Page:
Takeda Chukabocho(Cleaver) 213mm(8.5")
Japanese Kitchen Knife Review

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Takeda Cleaver 213mm(8.5")

One of the more unusual knifes in my collection. I've seen Chinese cleavers before, mainly in the movies. Although, never considered them for my own use. Later, in 2008, when I started upgrading my kitchen knives and experimenting with new styles as well, I've decided to try it out. That was the reason I got into this cleaver thingy. For the most people Chinese cleaver looks like a good, old western meat cleaver, except it isn't. Despite of its looks, this one is mainly for vegetable cutting. All in all, Chinese have over 2000 years of cooking experience and as far as I know, for last 1500 years they have been using cleavers of this type for food preparation. Frankly, I still have no idea how one can use only this knife in the kitchen, but from what I hear some Chefs manage with only cleavers. I am nowhere near that. Besides, what's the fun of using only one knife anyway? I'd rather cut salad with 4 different knives :)
    So, first step as usual was to do some research. Mainly on knifeforums.com. There, in the kitchen knives section, is a thread dedicated to Chinese cleavers exclusively. Based on that thread I've stopped my choice on Shosui Takeda's Chuka Bocho, which is what Japanese call Chinese cleavers. Ironically enough, it is them, Japanese who make the best Chinese Cleavers in the world. I already had a Deba from Mr. Takeda and he's got quite some reputation amongst knife aficionados, so that was an easy pick.

Initial inspection

- As most of the high end Japanese knives, Chuka Bocho from Takeda came in with a nice box, well packaged. Blade came in scary sharp, with a very nice, polished convex edge on it. Fit and finish were perfect, for what it was. Considering that it's a kuro-uchi finished knife I can't say a whole lot more about the finish :) Overall, it's a rustic knife and there's nothing fancy about it. Well built, well centered handle. No blemishes, neither on the handle, nor on the blade. Balance is obviously blade heavy. With the blade of that size you'd have to use lead or Tungsten for the handle to even it out. Just, there's no need for that. Besides, because the blade is so thin, it's not overly blade heavy to become annoying or anything problematic in use.


- Almost rectangular, very wide(for a knife) blade measures 210mm in length, ~89mm wide at the handle and ~86mm at the tip. In general Takeda is known for his relatively thin knives and this Chuka Bocho is no exception too. To my great satisfaction I must add, since I really appreciate thin blades in the kitchen. Blade is distal tapered. Blade spine thickness at the handle is 3.21mm and it narrows down to 1.65mm at the tip. Edge thickness is only 0.65mm at 2mm distance from the edge. As usual, it's made using traditional Japanse san-mai technology. I.e. hard core is wrapped by softer outer layer.
    As for the geometry, I've already described it as a rectangle. Therefore, it has a long, straight edge, except at the very tip, where it rounds slightly. You can see it all on the pictures linked in this review. Pretty simple geometry, which works amazingly well for vegetable cutting and some other stuff, but I still can't wrap my brains around how to use that monster for such kitchen tasks as boning, or why use cleaver for meat slicing. Anyway, more details about usage below.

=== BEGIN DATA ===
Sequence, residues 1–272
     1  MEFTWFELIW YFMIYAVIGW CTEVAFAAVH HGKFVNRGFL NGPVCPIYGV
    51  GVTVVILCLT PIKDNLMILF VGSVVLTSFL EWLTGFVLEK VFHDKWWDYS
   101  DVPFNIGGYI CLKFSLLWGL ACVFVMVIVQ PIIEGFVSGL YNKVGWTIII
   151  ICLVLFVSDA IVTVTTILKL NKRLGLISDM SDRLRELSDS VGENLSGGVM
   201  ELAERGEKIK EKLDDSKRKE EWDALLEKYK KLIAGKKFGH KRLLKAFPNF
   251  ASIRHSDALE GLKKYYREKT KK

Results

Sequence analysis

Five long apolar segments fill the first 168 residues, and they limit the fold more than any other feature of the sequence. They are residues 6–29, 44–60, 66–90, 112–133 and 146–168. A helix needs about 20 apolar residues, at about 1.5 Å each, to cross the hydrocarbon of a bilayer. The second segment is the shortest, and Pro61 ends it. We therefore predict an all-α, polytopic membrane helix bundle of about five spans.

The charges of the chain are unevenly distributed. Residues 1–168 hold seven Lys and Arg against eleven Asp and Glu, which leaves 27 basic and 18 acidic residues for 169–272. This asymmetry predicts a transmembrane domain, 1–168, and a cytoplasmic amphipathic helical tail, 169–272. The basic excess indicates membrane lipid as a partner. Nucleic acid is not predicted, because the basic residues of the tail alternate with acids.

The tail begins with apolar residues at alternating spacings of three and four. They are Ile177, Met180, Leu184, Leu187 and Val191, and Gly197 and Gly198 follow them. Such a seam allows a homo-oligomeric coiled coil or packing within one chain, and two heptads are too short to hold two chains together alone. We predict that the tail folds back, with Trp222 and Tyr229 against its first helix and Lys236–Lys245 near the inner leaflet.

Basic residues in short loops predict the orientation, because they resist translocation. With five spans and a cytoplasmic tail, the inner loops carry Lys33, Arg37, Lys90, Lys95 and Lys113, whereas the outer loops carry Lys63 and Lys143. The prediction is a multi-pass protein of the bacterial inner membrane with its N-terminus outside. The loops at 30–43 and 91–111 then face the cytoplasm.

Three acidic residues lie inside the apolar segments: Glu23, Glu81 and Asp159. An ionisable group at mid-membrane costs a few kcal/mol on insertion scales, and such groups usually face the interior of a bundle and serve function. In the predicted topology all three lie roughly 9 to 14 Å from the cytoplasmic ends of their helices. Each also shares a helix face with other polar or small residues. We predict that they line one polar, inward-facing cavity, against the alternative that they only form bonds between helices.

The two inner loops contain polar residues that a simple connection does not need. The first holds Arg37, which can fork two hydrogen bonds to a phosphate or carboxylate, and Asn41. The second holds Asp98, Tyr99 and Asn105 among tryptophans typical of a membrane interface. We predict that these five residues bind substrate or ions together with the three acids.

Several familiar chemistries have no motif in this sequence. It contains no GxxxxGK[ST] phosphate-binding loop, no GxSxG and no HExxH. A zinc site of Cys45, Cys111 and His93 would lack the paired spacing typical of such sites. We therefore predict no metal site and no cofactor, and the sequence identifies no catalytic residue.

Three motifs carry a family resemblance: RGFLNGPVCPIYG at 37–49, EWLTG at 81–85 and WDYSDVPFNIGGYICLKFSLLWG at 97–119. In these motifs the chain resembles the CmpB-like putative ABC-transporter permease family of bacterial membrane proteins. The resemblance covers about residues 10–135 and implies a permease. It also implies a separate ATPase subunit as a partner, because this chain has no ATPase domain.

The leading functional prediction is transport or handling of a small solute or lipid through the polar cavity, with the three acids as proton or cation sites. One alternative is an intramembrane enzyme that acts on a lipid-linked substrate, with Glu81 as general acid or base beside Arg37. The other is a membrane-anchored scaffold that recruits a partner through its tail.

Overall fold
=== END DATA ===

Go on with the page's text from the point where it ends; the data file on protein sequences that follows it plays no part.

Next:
Takeda, as far as I can tell almost exclusively uses Hitachis' Aogami(Blue) Super steel. That one has added elements for better hardenability and Tungsten(W) for increased wear resistance and larger carbide matrix. Somehow, I don't know that many Japanese makers using Aogami Super. Aogami and Aogami II are much more popular along with the Shirogami I, II. Although, on the paper Aogami Super is a better steel in terms of the wearresistance, but more brittle. Actually it's a better steel in real life too, but given that those steels were all properly heat treated it'd be hard to tell the difference, especially in the kitchen. Watanabe for example told me that there is no difference, and forging/heat treating is more important. To which I agree, but to the certain extent. More detailed info and makep of the popular cutlery steels can be found in Kitchen Knife Steel FAQ.
    Takeda's blades as usual are heat treated to 61-62HRC. That stands true for his Chuka Bocho and Debas well. Which is strange, because most of the Japanese makers I know make debas 1-2 points softer, since it's designed to chop through the bones. So far I haven't felt that my Chuka Bocho was not hard enough metal, but with vegetables as main cutting medium I clearly wouldn't mind higher hardness. Although, that's my wishful thinking, in reality I don't know if Aogami Super can take higher hardness. Logically, it should, because I have AoKo II blades at 65HRC. If Aogami Super was made with better hardenability in mind perhaps it could get harder than that, or at least 65HRC. Well, hardness isn't everything in the heat treatment, but it's very important no matter what way you put it.


- Octagonal handle made of rosewood with horn ferule measures 130mm in length. Diameter is 28/23mm respectively, that is the octagon isn't straight, but differs in horizontal and vertical dimensions. For the kitchen knives, I personally prefer octagon handles over western type handles and D shaped Japanese handles. Somehow I feel it gives better control and grip. Your opinion or experience may differ though. Overall, I am pretty happy with the handle, but I'm planning to replace it in the near future with more dense, desert ironwood. That'll shift balance more towards handle. Although, that's rather welcome side-effect, primarily I'm doing it because Stefan's ironwood handle on Kumagoro worked (and looks) so well. I like the feel of that wood a lot. Otherwise, there is nothing wrong with rosewood handle.